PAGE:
Dans cette observation générale, le Comité des droits de l'enfant souligne qu'il est urgent de s'attaquer aux effets néfastes de la dégradation de l'environnement, et plus particulièrement du changement climatique, sur la jouissance des droits de l'enfant, et précise les obligations des États en matière de lutte contre les atteintes à l'environnement et le changement climatique. Le Comité explique également comment les droits de l'enfant prévus par la Convention relative aux droits de l'enfant s'appliquent à la protection de l'environnement et confirme que les enfants ont droit à un environnement propre, sain et durable.

 

ENGLISH

In this general comment, the Committee on the Rights of the Child emphasizes the urgent need to address the adverse effects of environmental degradation, with a special focus on climate change, on the enjoyment of children’s rights, and clarifies the obligations of States to address environmental harm and climate change. The Committee also explains how children’s rights under the Convention on the Rights of the Child apply to environmental protection, and confirms that children have a right to a clean, healthy and sustainable environment.

 

FRANÇAIS

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Our 2022 Annual Report includes information about our impact and areas of activity across the year, in addition to details on our strategy, our team and our supporters.

Our work would not be possible without the generous support of our donors, to whom we are immensely grateful. 

This joint statement signed by RTE and 18 CSOs responds to a report published in September 2023 by the International Development Committee (IDC) of the UK House of Commons, entitled ‘Investment for development - The UK’s Strategy towards Development Finance Initiatives. The report’ raises major concerns about the UK’s investments as part of development aid which the signatory organisations working on education share and reiterate. In this joint statement we respond to this report and express our concern about the British International Investment’s (BII) activities and impacts in key sectors responsible for delivering human rights, including education and health.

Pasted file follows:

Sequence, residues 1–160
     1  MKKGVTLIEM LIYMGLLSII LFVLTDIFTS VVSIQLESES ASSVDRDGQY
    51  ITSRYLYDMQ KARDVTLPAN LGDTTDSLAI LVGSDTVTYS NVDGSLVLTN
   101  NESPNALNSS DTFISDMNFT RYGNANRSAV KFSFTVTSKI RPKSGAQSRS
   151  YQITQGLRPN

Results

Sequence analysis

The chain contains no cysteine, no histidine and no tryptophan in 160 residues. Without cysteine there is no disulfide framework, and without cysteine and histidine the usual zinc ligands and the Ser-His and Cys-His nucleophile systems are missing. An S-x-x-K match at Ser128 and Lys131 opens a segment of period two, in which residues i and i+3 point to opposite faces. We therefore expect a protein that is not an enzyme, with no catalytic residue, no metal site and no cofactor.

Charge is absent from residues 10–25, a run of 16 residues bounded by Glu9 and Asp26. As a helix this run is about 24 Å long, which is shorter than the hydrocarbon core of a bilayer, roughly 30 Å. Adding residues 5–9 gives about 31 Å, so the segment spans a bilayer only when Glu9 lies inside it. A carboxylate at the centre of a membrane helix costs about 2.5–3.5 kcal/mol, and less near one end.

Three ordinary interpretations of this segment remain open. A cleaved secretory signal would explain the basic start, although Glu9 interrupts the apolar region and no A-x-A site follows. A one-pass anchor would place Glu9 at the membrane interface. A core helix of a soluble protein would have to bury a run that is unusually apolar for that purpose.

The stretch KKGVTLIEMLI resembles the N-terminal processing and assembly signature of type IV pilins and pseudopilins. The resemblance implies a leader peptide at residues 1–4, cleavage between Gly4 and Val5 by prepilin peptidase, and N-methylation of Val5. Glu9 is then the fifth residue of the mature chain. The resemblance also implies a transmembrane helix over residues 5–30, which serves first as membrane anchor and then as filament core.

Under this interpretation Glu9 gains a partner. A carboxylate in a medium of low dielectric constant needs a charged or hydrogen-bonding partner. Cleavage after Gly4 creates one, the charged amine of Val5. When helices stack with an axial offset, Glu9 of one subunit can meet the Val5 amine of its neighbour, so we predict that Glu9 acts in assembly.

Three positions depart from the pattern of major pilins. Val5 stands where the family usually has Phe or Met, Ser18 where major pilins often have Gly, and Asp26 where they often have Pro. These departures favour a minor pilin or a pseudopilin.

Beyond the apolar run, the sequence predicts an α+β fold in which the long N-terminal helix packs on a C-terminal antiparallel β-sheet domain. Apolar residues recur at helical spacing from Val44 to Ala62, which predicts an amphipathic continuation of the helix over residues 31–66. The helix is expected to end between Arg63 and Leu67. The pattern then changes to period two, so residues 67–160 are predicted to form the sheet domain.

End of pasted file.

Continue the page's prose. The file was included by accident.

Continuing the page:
The aim of this document is to create a set of key building blocks for developing a model national regulatory framework for private schools, that can be adapted by states to their context. As such, the starting point is not a pre-determined framework, but a content analysis of provisions that exist in the laws of India’s states and union territories. At the same time, the principal suggestive frameworks for similar legislation made by principal stakeholders working on these issues from diverse ideological positions and entry points are also included. These include the FICCI Arise (from the perspective of the private schools themselves), the All India Parents’ Association (from the perspective of parents) and the NCPCR (from the perspective of children).

 

School meals play a critical role in children’s lives. They are an essential intervention in development and humanitarian contexts, proven to have long-lasting impacts across multiple Sustainable Development Goals and sectors, including food security, nutrition and health, education, water and sanitation, child protection, gender equality, and prevention of sexual exploitation and abuse. They are at the juncture of the right to food, the right to health and the right to education. They also offer enormous potential for the catalysation of food systems, with nutritious, locally-grown and appropriate foods, creation of jobs and contributions towards livelihoods, among other benefits. Civil society organisations have an essential role to play in supporting school meals programmes globally through collective advocacy, technical assistance, capacity sharing and fostering partnerships. 

This joint statement contains our calls to action for equitable access to healthy and nutritious, sustainably sourced school meals.